That second place win paled next to the Memory Maker's success in the tournament's optional side bets in 2010. With 10 categories possible -- categories are for bets of $25, $50, $100, $150, $200, $250, $300, $500, $750 and $1,000 with the biggest fish in each category the winner -- the Memory Maker swept the board, winning all 10 categories for a total $45,805.50. That kind of a record has given the Memory Maker a loyal fan club.

"We usually have quite a following out of the harbor," said Hays.

A change in tournament rules this year limits the number of side bets any one boat can win to five, according to Paula Frisinger, tournament coordinator. The winning boat claims 75 percent of the pot, with the remaining 25 percent going to the chamber. There also is a "skunk" side bet that's for fishermen betting they won't be skunked. Winners are any boat or boats catching fish.

Another rule change for 2011 is that each person on a boat carrying tournament entrants has to pay the individual $100 registration fee.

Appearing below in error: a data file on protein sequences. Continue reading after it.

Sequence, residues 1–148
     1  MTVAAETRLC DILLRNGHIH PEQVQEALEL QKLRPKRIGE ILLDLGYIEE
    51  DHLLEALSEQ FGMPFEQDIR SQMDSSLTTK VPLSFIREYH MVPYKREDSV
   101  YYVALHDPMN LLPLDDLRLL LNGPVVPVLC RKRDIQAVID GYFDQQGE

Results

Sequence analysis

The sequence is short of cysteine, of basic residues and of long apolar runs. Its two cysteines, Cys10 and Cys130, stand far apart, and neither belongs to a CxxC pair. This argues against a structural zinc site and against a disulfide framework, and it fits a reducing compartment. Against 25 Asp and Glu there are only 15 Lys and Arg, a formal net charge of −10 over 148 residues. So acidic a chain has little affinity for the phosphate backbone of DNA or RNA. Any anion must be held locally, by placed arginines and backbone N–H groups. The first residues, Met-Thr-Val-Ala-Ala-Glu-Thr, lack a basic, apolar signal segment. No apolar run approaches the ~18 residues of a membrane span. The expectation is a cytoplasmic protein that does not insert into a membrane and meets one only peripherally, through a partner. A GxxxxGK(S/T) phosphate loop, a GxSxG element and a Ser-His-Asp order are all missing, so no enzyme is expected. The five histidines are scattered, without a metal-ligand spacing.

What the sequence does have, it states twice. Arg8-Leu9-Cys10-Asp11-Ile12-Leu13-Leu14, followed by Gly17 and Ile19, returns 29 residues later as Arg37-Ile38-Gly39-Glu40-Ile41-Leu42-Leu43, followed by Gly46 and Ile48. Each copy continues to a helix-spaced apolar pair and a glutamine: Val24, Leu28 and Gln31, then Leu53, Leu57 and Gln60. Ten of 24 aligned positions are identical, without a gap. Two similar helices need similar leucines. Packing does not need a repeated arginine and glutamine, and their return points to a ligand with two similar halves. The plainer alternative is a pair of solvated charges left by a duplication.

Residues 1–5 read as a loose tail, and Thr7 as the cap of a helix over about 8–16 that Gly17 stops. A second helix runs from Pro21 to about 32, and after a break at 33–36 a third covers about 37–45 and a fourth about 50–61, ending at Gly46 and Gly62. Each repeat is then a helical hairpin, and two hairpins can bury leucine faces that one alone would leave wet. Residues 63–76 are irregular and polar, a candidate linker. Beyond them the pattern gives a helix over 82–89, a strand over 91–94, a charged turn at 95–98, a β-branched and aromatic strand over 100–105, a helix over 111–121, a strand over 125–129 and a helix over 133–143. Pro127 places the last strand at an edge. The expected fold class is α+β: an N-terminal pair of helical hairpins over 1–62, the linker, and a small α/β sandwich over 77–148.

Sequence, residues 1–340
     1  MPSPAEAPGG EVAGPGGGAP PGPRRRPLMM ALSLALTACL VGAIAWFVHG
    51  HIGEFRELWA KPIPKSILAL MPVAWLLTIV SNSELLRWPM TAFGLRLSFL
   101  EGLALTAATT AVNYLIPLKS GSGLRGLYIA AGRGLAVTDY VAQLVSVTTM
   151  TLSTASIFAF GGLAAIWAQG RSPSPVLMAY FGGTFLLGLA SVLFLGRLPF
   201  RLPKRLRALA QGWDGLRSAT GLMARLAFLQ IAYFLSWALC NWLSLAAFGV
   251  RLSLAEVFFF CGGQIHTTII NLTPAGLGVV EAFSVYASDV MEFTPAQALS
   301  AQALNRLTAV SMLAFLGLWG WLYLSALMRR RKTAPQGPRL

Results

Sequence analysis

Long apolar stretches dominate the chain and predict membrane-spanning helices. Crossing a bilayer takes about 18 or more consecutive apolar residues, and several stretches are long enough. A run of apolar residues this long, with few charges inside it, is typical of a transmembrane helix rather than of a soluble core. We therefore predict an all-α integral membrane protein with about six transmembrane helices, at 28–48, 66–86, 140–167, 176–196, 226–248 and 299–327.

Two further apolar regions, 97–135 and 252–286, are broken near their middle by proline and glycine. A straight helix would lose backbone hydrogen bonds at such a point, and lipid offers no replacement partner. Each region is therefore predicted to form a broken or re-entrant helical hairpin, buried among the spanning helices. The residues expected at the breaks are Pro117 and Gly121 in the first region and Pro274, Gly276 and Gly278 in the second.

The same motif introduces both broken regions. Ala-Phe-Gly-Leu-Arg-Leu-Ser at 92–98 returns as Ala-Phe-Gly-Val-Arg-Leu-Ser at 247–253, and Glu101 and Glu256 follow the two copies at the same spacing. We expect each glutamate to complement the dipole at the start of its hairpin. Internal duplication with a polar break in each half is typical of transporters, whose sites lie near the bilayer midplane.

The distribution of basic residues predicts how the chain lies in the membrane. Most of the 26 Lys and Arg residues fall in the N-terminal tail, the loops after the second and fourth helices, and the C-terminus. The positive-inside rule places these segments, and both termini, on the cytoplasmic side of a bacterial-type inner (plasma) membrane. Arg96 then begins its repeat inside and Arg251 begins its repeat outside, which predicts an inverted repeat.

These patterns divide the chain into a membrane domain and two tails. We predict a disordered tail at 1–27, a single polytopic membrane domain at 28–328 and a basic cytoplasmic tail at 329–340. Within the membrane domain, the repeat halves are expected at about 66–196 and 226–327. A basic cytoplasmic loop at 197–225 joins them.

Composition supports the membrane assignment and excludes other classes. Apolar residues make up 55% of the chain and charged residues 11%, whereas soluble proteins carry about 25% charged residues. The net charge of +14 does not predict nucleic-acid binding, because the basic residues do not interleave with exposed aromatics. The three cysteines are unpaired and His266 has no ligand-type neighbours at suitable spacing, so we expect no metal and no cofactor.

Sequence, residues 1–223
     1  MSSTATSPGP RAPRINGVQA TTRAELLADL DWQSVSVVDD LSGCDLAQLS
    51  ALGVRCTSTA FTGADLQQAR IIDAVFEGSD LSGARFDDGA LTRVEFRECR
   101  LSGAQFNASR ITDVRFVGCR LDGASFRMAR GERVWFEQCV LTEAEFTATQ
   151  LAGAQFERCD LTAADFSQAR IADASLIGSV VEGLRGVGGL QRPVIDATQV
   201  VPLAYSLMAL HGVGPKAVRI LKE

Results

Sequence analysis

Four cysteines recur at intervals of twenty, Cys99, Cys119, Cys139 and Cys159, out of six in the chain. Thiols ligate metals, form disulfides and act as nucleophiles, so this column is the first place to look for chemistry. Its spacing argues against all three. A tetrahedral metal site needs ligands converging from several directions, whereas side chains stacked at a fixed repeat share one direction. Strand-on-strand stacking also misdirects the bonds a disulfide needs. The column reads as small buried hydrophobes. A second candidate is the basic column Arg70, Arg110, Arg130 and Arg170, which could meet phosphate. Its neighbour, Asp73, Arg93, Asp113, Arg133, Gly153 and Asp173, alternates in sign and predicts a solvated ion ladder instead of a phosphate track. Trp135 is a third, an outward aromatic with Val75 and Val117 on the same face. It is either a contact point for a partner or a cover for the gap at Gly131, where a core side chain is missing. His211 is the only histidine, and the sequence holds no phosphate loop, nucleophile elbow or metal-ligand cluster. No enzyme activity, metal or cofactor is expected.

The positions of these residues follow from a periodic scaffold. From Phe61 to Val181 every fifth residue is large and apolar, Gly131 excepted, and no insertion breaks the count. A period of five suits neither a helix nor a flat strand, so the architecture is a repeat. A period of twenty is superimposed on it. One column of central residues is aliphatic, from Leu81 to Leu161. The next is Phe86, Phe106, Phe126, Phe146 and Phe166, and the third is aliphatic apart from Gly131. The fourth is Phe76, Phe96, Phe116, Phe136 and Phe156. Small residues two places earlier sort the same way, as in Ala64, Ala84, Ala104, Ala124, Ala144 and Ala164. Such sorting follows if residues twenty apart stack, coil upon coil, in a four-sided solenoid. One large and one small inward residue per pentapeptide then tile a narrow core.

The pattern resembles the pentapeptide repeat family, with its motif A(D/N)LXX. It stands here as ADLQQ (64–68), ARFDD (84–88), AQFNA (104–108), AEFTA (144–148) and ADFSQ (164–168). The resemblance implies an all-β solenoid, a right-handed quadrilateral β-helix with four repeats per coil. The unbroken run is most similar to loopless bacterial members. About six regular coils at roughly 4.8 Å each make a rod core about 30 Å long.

"You can't just go along for the ride anymore, so that eliminates the possibility of someone cheating," said Frisinger.

As coordinator, Frisinger and her crew of volunteers help ensure every fisherman has a boat to fish from.

"Boats are hard to come by right now," she said. "We had quite a waiting list, but now we're down to just a couple of people."

Two of Frisinger's behind-the-scenes people are Mike Quinn and Ann Koskovich.

"They go to trade shows and get people pumped up about this tournament, get a lot of people from the Lower 48 to donate," said Frisinger. "Their hard work and effort makes this a success."

Tournament headquarters are at the visitor center through 8 p.m. Friday. A representative from the Homer Small Boat Harbor also be available at the center Friday to help boat owners register the one free night of moorage that comes with tournament registration.

"If the boat is going to spend the night in the harbor, the owner has to fill out a moorage agreement with the harbormaster, so the officer will be able to help then or they can come to the harbormaster's office," said Harbormaster Brian Hawkins.

The harbormaster's office also will be open until 8 p.m. Friday and again on Saturday, with harbor officers available to direct boat owners to moorage locations. The standard moorage fee, which depends on boat length, will be charged for additional nights, and Hawkins said the harbor has ample transient space.